Revolutionary War battleground, Confederate capital, crime hub and misfit haven. Call it what you want, but Richmond, Virginia has a long, complicated history of being a lot of things to a lot of people. Now, the city is settling into its role as a beer destination. Flash back to 1935, when Richmond became the first city to sell beer in cans. In the more recent past, 2016 to be exact, Stone Brewing opened its sprawling East Coast production center and tasting room in the city’s East End, with the promise of opening a Stone Brewing World Bistro & Gardens to match its Escondido outpost in 2018. Last year, Triple Crossing Brewing opened a larger second location and, this year, veteran brewery Hardywood Craft Park Brewery debuted its sprawling, $28 million expansion in nearby Goochland.
While you could, and should, spend a few days exploring the history, nature and food that Richmond has to offer, you can knock out a decent portion of Richmond’s beer just by walking around Scott’s Addition. Once a booming industrial area, the neighborhood is now teeming with breweries, restaurants and condos in the former warehouses. The 152-acre span of land is now home to five breweries—including the most recent, Väsen Brewing—two cideries, a meadery and a distillery. Drinking your way through this hooch-dense neighborhood is daunting for even the most seasoned imbiber.
To get the most out of your beer voyage, you need a plan. That’s where I come in, your tour guide, leading the way through an efficiently inebriated schlep around the booziest neighborhood in Richmond.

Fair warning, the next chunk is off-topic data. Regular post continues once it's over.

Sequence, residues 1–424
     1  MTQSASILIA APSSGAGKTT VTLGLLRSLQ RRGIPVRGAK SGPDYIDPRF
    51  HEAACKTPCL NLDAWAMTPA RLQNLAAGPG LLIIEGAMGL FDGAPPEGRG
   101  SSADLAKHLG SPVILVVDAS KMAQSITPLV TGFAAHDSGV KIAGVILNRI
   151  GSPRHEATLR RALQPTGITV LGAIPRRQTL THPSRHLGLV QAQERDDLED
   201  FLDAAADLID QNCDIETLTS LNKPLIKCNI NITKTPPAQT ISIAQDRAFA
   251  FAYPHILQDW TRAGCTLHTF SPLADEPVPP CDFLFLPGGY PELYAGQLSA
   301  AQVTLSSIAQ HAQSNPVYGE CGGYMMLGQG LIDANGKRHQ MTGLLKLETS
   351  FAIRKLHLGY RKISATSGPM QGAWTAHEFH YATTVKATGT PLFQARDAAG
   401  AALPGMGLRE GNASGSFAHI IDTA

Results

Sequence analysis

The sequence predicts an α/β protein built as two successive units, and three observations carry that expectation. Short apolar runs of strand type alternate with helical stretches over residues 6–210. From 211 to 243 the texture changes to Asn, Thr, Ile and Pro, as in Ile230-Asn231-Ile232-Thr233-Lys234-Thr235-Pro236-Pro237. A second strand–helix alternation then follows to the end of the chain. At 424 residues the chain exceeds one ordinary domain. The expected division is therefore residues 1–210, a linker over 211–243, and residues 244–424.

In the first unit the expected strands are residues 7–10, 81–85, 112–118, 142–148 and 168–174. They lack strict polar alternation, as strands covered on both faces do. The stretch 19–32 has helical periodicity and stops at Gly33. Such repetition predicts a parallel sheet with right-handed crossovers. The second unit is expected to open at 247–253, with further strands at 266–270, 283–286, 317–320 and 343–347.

The Veil Brewing Co.
The Veil is one of the buzziest breweries on the East Coast. Yet, with almost two years of operation under its belt, The Veil is still a newbie on the Richmond scene. Its crew has accomplished a lot in that time: They’ve caused a stir by hosting sold out festivals, having hours-long can release lines on Tuesdays and collaborating with the likes of Omnipollo, Monkish and Evil Twin. The taproom is a glam-goth beer lovers’ paradise, with dark walls, minimalist decor and taxidermied goats watching you sip your hazy IPAs. Their tap list is constantly rotating, but make sure to get something sour—such as the Never Gonnagetit, a neon plum-colored mixed berry gose—and something hoppy—Sam From Other Half is a dry-hopped Imperial IPA that pays homage to one of the Brooklyn brewery’s founders. Take note that there are no flight options and no growler pours here. Also, cans are hard to come by and usually sell out quickly. You can’t always have it all, but what you will get is some of the best beer in the country.